Anonymous said...

Thanks for the Giant Halfwheeler review, it's the only one on the web.

Diablo Scott said...

Glad to help! Actually this is one of the most popular searches that lead to hits on my blog so I've updated it.

Anonymous said...

I ride an Electra Townie and just bought the Halfwheeler 1 for my 4 year old son and I. The problem I'm having is that his pedals scrape on the ground at random times. My salesman said that this would be a problem because of my Townie's lower seat post - check out their website if you've never seen one, because they do have a unique frame. Can you offer any suggestions on how to keep the pedals from scraping? Also, do you know if the joint on the tow bar should be tight or loose? Mine is kind of loose and I can't seem to find any information about it on the Giant website. Other than these issues, I like the Halfwheeler; I especially love my son's enjoyment of the ride! If you have a few minutes to offer any thoughts or advice, that'd be great. And, as of September 7, yours is still the most useful customer review (if not only) of the Halfwheeler on the internet. Thanks.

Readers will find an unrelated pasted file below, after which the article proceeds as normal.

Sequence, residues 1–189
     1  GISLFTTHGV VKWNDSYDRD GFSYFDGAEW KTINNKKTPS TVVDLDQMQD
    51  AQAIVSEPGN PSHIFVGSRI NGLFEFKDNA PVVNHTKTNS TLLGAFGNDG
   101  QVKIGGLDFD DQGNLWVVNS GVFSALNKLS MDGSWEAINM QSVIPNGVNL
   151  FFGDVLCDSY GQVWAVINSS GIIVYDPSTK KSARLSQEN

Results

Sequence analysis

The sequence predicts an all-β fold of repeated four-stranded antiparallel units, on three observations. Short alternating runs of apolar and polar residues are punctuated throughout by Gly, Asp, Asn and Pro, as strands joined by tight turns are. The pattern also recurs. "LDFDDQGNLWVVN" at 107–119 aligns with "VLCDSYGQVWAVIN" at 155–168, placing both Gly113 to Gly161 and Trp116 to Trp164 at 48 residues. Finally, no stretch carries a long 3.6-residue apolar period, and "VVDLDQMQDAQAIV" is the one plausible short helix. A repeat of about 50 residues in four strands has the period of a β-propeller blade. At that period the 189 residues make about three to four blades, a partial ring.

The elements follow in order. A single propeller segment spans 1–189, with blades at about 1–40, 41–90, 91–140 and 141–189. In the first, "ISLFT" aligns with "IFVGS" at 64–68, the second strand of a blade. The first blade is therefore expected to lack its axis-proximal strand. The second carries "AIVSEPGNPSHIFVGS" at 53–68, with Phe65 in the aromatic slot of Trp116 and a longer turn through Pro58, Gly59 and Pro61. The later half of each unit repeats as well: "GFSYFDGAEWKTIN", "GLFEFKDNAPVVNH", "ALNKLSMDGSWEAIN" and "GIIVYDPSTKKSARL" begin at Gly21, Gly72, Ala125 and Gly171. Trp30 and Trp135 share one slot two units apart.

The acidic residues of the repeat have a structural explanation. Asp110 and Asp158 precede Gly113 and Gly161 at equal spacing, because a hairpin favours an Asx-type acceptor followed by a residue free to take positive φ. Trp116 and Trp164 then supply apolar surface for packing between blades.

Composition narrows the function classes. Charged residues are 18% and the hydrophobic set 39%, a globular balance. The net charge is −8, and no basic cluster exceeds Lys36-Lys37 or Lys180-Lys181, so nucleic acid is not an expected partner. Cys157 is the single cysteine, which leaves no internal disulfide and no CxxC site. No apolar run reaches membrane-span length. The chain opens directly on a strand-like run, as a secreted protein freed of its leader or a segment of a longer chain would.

Diablo Scott said...

1. Yes, a lower hitch will put the pedals lower and you'll have more pedal scrapes. Not much you can do about that but maybe teach your son about keeping the inside pedal up around turns; once he learns that it shouldn't happen very often.

2. That joint, or knuckle, does seem to be loose, but when you think about what it has to do you'll understand why. Ignore the looseness and noise and just inspect it to make sure it can't come apart and go ride!

Anonymous said...

Thanks, Scott!

We rode the 2 miles to preschool today - a beautiful crisp Oregon morning. Everything went really well. I tightened up the Q-link a bit (it was sliding down the seat post) so the pedals only scraped once or twice. He did a great job learning hand signals, too! I am going to look in to toe clip pedals based on your experience and mine this morning! Thanks again for your help!


Anonymous said...

Hey Scott, we've been using our 1/2 wheeler for a few weeks now and wondered if the hitch is supposed to have that much play in the side to side. It's a little disconcerting. Other than that we're 100% happy with it. Thanks, Deb (Davis, CA)

Unknown said...